Recently in Performances
London remains starved of Wagner. This season, its major companies offer but two works, Tannhäuser from the Royal Opera and Tristan from ENO. True, Opera North will bring its concert Ring to the South Bank, but that is a somewhat different matter. Comparisons with serious houses, let alone serious cities, are not encouraging, especially if one widens the comparison to nineteenth-century Italian composers. Quite why is anyone’s guess; the composer is anything but unpopular. More to the point, Wagner and Mozart should stand at the heart of any opera house’s repertory. They can hardly do so if they are so rarely performed.
Dmitry Bertman’s hilarious staging of Rimsky-Korsakov’s political sex-comedy The Golden Cockerel in Düsseldorf.
On April 16, 2016, San Diego Opera presented Giacomo Puccini’s sixth opera, Madama Butterfly, in an intriguing production by Garnett Bruce. Roberto Oswald’s scenery included the usual Japanese styled house with many sliding doors and walls. On either side, however, were blooming cherry trees with rough trunks and gnarled branches that looked as though they had been growing on the property for a hundred years.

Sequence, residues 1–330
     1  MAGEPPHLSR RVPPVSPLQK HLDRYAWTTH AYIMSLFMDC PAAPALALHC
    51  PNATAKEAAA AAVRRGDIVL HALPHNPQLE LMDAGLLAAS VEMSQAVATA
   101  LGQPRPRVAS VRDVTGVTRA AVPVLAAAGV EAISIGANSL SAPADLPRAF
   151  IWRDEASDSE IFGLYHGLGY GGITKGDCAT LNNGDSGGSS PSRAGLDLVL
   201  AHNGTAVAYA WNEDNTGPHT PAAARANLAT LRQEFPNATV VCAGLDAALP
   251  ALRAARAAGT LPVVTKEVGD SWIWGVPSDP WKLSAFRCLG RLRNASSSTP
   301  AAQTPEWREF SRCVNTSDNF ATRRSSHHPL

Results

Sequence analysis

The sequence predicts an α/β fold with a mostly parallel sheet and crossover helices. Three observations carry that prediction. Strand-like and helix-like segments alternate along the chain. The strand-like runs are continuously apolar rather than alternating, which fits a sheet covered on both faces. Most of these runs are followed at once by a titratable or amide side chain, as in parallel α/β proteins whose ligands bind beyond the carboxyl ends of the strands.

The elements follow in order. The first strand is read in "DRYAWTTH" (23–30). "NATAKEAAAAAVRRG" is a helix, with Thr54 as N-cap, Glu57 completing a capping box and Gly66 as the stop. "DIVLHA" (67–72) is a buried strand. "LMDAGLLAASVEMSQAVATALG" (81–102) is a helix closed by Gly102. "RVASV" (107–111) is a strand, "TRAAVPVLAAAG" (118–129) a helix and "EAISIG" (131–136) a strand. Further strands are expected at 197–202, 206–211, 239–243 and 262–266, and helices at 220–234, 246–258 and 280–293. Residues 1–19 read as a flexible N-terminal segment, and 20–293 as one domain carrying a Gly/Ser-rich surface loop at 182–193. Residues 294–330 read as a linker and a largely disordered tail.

New Co-Production Tristan und Isolde with Metropolitan: Simon
Rattle and Westbroek electrify Treliński’s Opera-Noir.
In an operatic world crowded with sure-fire bread and butter repertoire, Opera San Jose has boldly chosen to lavish a new production on a dark horse, Andre Previn’s A Streetcar Named Desire.
Choral symphony, oratorio, symphonic poem — Berlioz’s Roméo et Juliette does not fit into any mould. It has the potential to work as an opera-ballet, but incoherent storytelling and uninspired conducting undermined this production.
When Kasper Holten took the precaution of pre-warning ticket-holders that the Royal Opera House’s new production of Lucia di Lammermoor featured scene portraying ‘sexual acts’ and ‘violence’, one assumed that he was aiming to avert a re-run of the jeering and hectoring that accompanied last season’s Guillaume Tell. He even went so far as to offer concerned patrons a refund.
These are five very different reviews by students at the University of Maryland on its Opera Studio production of Regina — an interesting, informative and entertaining read . . .
‘Remember me, the one who is Pia;/ Siena made me, Maremma undid me.’ The speaker is Pia de’ Tolomei. She appears in a brief episode of Dante’s Divine Comedy (Purgatorio V, 130-136) which was the source for Gaetano Donizetti’s Pia de’ Tolomei - by way of Bartolomeo Sestini’s verse-novella of 1825.